6. Rob Grigjanis says

    flex @7:

    Speaking of movie versions of Hammett novels, the first version of The Maltese Falcon didn’t follow the book closely at all, neither did the second.

    I haven’t read the book, but to my eyes the 1931 and 1941 versions are nearly identical, storywise. The main difference was more openness about sexuality in the earlier (pre-Code) version.

  7. flex says

    @Rob Grigjanis, #8,

    … but to my eyes the 1931 and 1941 versions are nearly identical, storywise.

    I may be too critical, but the 1941 version used large sections of the dialog directly from the book. I don’t recall the 1931 version doing that. My recollection is that the 1931 version was much less nuanced than either the book or the 1941 movie. That the 1931 version was influenced stylistically by the other gangster movies coming out around the same time. But I will admit that it’s been a long time since I’ve seen the 1931 version.

  8. jenorafeuer says

    I remember being startled recently finding out just how many ties Brewster’s Millions has been remade. After the original novel, there was a stage production, and according to Wikipedia there have been thirteen film adaptations. Five of them were just called Brewster’s Millions, one was Miss Brewster’s Millions (yes, the ‘horror’ of recasting movies with female leads dates back to 1926), one was Three on a Spree, and the other six were made in non-English speaking countries (four in India for three different languages).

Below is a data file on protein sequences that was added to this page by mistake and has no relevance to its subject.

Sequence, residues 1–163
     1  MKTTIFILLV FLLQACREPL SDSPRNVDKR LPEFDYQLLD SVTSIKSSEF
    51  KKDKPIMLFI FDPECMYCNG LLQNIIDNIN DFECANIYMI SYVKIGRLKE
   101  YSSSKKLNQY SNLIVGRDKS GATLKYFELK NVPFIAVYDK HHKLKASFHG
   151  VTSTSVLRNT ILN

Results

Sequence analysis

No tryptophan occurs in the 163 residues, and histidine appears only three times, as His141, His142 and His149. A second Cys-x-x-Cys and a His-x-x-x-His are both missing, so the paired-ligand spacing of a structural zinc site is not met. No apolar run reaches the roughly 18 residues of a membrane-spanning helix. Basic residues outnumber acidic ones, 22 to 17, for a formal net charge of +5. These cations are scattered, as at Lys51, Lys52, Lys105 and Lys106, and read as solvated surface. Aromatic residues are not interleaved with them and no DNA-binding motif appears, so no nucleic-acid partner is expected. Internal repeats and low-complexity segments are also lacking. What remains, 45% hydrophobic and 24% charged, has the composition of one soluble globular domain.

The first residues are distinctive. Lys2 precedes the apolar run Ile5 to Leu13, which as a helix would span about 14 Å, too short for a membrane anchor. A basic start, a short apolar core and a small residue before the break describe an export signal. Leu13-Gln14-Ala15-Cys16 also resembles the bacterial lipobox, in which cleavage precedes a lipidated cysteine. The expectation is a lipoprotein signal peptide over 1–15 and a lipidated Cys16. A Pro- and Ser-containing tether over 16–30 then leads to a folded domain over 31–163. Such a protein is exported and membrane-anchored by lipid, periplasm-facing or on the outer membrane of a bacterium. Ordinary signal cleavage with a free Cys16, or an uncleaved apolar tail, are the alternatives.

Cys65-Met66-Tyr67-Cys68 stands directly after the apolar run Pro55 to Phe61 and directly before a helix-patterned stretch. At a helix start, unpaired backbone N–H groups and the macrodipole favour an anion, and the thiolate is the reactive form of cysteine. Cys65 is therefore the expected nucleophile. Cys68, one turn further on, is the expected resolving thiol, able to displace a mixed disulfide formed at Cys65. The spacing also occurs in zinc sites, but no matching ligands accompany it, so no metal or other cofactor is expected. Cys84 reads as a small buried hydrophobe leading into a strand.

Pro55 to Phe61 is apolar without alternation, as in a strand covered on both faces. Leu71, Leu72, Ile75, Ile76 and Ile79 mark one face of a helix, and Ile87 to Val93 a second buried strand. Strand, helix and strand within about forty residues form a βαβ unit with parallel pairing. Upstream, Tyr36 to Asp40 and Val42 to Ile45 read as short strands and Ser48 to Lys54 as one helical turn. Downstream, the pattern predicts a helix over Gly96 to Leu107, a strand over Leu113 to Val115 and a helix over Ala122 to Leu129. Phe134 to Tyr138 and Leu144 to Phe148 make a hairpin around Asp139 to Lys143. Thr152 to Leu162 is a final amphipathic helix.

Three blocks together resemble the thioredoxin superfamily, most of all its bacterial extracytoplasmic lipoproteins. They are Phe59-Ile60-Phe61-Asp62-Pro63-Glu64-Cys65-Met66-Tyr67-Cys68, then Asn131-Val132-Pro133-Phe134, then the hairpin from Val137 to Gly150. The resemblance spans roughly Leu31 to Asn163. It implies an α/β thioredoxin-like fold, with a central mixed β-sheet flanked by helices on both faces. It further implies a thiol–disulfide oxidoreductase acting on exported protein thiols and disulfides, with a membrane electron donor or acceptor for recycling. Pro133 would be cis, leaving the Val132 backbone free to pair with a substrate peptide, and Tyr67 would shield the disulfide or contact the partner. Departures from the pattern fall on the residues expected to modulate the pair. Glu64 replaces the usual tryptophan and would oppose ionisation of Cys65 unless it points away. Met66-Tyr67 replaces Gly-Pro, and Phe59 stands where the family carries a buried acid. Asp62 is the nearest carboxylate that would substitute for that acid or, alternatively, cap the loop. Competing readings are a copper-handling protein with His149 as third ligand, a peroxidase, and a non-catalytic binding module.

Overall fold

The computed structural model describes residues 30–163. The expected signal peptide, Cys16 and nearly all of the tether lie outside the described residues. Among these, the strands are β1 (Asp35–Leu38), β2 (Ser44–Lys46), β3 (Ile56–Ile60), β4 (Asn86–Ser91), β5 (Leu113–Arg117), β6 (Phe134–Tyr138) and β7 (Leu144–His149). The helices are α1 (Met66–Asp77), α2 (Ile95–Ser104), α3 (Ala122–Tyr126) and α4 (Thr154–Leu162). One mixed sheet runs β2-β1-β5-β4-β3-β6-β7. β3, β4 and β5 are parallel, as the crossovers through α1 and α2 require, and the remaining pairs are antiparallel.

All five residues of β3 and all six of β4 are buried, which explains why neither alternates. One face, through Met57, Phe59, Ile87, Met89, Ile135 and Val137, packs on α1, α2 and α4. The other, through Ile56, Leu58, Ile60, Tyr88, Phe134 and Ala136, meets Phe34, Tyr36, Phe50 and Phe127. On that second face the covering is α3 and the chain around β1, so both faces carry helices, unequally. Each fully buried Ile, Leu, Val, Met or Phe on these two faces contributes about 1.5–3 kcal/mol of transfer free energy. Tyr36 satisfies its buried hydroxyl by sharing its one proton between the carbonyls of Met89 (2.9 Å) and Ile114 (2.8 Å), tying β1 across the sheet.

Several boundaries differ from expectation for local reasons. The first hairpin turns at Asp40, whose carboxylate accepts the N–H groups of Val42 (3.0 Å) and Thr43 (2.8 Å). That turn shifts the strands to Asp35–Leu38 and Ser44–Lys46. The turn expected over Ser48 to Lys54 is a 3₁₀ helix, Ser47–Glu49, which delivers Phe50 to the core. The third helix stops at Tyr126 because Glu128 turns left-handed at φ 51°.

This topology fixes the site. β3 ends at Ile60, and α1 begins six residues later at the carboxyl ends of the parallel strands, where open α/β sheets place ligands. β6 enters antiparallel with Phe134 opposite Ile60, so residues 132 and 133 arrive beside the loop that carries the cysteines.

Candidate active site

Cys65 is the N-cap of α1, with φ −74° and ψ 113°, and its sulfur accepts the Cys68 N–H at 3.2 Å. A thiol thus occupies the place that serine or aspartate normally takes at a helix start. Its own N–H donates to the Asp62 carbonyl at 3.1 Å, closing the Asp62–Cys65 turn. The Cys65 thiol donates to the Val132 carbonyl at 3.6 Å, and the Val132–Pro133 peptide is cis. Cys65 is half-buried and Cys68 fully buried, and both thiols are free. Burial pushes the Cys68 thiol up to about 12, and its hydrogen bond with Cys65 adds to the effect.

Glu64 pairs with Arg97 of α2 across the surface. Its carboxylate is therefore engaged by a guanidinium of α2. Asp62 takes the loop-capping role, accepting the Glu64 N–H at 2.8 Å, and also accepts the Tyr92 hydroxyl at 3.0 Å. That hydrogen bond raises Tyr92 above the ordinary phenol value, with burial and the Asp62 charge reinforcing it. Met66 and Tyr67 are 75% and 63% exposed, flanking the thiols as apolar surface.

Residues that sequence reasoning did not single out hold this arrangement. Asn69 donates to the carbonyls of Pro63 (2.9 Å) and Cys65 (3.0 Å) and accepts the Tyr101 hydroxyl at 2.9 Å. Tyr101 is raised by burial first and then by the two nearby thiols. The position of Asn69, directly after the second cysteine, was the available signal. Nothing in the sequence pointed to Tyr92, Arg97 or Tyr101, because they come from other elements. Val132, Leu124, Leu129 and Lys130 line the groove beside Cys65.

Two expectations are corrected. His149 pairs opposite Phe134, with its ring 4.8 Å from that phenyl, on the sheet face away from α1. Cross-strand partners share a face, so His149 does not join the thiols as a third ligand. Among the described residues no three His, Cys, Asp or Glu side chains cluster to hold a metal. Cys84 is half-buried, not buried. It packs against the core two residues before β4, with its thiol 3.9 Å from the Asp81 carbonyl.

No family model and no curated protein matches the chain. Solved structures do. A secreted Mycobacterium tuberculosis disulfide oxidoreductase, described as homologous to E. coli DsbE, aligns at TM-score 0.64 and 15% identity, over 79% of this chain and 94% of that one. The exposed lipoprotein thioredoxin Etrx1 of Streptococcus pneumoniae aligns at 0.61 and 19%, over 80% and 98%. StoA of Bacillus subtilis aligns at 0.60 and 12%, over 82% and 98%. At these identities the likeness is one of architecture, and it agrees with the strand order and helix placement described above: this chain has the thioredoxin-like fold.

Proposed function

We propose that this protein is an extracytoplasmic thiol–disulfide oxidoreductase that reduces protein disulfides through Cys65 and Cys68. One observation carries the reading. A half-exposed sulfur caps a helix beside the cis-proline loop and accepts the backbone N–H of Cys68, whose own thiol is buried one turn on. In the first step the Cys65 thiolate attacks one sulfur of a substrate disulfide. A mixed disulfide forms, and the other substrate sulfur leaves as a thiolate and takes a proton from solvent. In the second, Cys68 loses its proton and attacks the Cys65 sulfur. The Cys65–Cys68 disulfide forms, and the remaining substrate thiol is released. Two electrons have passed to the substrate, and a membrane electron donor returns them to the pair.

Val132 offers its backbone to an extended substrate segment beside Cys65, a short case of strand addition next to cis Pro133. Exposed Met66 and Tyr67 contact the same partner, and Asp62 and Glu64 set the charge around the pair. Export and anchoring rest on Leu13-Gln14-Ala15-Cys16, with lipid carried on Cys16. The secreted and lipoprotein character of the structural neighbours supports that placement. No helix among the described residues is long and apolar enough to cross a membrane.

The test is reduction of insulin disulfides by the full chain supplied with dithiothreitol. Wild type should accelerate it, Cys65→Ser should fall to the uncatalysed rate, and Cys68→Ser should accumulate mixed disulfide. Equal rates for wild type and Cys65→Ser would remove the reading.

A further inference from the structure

@flex, #7:
    With The Princess Bride, Goldman wrote both the book and the screenplay for the movie; the same person did both. Now, it’s worth noting that the movie was influenced at least as much by the director, Rob Reiner; and that Goldman is generally far better known as a screenwriter than a novelist anyway, so he probably knows how to handle writing for screen better than writing for prose.

  9. nifty says

    Another movie far better than the book: The Godfather. “The Godfather Notebook” with Coppola’s annotations and cross-outs over pages taken from a copy of the novel are a great read into how one person thought through converting the novel into cinematic form.

  10. flex says

    @Jenorafeuer, #10:

    With The Princess Bride, Goldman wrote both the book and the screenplay for the movie; the same person did both.

    Hah! I did not know that. I guess that means screenwriter really knew his source material. 😉